From up on top of the incredible Tavaputs Plateau, which sits upon an even greater Colorado Plateau, I am struck with how preposterous it seems that Uintah County is so removed from people’s realities in Grand County. From this vantage point, it is quite obvious that that all this destruction and pollution from fracking, oil, gas, and now tar sands and oil shale is just upstream and is wrapped in a grand plan that involves all of canyon country. My heart weighs heavy after this visit to the mine site. The buoyant notion that logical thinking leaves in me is slowly deflating. “It’s uneconomical, disastrous for the climate, technology is unproven, there’s not enough water”…Well, they’re paving the way quickly and surely.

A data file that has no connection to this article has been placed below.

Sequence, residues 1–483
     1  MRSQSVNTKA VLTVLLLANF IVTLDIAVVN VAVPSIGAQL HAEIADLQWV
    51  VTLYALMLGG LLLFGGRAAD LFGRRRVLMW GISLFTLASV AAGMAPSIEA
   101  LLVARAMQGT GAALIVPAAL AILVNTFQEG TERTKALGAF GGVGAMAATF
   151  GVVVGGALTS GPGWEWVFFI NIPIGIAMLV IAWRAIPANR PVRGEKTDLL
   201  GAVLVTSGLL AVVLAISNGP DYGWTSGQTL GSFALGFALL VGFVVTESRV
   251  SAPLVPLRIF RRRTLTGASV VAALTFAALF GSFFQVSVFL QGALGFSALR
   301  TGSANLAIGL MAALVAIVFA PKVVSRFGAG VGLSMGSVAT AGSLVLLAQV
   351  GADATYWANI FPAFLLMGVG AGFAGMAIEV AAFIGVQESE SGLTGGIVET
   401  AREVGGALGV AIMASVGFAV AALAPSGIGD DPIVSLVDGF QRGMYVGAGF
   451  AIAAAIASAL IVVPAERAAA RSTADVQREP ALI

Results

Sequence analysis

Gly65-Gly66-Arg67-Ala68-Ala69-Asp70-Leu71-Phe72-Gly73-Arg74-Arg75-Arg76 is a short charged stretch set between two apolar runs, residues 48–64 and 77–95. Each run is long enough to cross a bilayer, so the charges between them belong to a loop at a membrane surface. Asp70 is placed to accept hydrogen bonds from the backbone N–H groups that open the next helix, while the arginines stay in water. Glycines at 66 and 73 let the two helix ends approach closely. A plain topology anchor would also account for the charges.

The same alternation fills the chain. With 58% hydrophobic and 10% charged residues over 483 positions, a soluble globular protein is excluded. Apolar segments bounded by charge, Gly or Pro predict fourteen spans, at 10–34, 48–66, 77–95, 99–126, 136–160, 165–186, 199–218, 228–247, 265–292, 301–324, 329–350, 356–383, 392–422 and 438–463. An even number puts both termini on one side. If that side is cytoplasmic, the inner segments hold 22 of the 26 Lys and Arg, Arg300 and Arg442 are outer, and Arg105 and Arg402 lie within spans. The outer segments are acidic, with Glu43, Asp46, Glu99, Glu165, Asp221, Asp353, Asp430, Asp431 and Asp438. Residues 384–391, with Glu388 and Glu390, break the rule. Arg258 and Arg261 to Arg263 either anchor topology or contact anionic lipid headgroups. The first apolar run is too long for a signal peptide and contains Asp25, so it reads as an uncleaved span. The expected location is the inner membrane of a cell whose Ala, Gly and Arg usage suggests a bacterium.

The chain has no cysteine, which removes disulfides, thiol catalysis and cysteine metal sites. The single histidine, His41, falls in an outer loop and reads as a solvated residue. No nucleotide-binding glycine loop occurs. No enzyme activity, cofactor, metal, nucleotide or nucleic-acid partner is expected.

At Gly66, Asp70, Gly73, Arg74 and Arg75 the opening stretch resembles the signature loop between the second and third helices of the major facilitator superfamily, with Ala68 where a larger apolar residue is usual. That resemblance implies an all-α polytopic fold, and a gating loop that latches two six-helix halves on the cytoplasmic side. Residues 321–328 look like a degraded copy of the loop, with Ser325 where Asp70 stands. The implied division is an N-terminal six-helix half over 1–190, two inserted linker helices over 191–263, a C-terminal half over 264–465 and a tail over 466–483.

The drive from the north was sickening. First Roosevelt and Vernal filled with fracking headquarters, brine mixing stations, chemical distributors, giant trucks toting gas and contaminated (or soon to be) water. Then, mile after mile of freshly paved highway through a freshly scarred landscape crisscrossed with pipelines and polka dotted with well pads. The road turned to grated dirt and signs of construction started to pop up. An empty bulldozer sat next to a newly blazed corridor through a hillside. Mile after mile of mangled old growth junipers and pinons lay dead on their sides. We passed small crews operating gigantic road eating machines. Why would they need a road over 100 feet wide? The four lanes lead right to PR Springs and the Red Leaf Resources oil shale operation. Are Uintah County tax payers paying for this? The upgrade of the high-speed, four-lane trucking route stops right at the county line. Are they anticipating that Grand County will continue the Book Cliffs highway and connect it to the planned energy infrastructure along I-70? Or are they content to truck everything to Salt Lake, already filled with industry’s toxic breath?